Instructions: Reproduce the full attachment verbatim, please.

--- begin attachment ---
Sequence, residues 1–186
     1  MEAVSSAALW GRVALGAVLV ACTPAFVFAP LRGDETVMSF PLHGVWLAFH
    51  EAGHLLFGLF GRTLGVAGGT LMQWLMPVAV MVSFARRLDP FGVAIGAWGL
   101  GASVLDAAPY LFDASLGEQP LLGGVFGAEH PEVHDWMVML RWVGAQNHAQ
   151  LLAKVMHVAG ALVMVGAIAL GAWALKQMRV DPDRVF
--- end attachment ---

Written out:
Sequence, residues 1–186
     1  MEAVSSAALW GRVALGAVLV ACTPAFVFAP LRGDETVMSF PLHGVWLAFH
    51  EAGHLLFGLF GRTLGVAGGT LMQWLMPVAV MVSFARRLDP FGVAIGAWGL
   101  GASVLDAAPY LFDASLGEQP LLGGVFGAEH PEVHDWMVML RWVGAQNHAQ
   151  LLAKVMHVAG ALVMVGAIAL GAWALKQMRV DPDRVF